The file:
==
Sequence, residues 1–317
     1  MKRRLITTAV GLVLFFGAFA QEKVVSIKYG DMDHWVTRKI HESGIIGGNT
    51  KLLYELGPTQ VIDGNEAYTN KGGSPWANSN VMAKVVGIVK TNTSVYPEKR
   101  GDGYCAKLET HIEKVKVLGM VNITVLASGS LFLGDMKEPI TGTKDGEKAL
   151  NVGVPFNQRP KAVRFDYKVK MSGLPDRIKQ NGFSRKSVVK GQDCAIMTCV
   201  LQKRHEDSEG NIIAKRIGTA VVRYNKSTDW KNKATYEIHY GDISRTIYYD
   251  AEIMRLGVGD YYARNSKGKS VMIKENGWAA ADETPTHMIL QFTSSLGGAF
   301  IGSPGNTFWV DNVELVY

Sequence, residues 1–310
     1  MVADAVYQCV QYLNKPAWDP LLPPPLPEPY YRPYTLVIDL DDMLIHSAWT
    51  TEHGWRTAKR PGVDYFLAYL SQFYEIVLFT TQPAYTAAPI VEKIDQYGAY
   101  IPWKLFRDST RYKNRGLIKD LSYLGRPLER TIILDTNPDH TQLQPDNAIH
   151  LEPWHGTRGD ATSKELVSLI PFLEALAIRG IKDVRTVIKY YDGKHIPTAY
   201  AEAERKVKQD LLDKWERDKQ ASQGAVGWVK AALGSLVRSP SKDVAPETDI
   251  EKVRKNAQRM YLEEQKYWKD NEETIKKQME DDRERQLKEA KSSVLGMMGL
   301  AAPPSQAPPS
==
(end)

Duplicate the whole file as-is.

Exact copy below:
Sequence, residues 1–317
     1  MKRRLITTAV GLVLFFGAFA QEKVVSIKYG DMDHWVTRKI HESGIIGGNT
    51  KLLYELGPTQ VIDGNEAYTN KGGSPWANSN VMAKVVGIVK TNTSVYPEKR
   101  GDGYCAKLET HIEKVKVLGM VNITVLASGS LFLGDMKEPI TGTKDGEKAL
   151  NVGVPFNQRP KAVRFDYKVK MSGLPDRIKQ NGFSRKSVVK GQDCAIMTCV
   201  LQKRHEDSEG NIIAKRIGTA VVRYNKSTDW KNKATYEIHY GDISRTIYYD
   251  AEIMRLGVGD YYARNSKGKS VMIKENGWAA ADETPTHMIL QFTSSLGGAF
   301  IGSPGNTFWV DNVELVY

Sequence, residues 1–310
     1  MVADAVYQCV QYLNKPAWDP LLPPPLPEPY YRPYTLVIDL DDMLIHSAWT
    51  TEHGWRTAKR PGVDYFLAYL SQFYEIVLFT TQPAYTAAPI VEKIDQYGAY
   101  IPWKLFRDST RYKNRGLIKD LSYLGRPLER TIILDTNPDH TQLQPDNAIH
   151  LEPWHGTRGD ATSKELVSLI PFLEALAIRG IKDVRTVIKY YDGKHIPTAY
   201  AEAERKVKQD LLDKWERDKQ ASQGAVGWVK AALGSLVRSP SKDVAPETDI
   251  EKVRKNAQRM YLEEQKYWKD NEETIKKQME DDRERQLKEA KSSVLGMMGL
   301  AAPPSQAPPS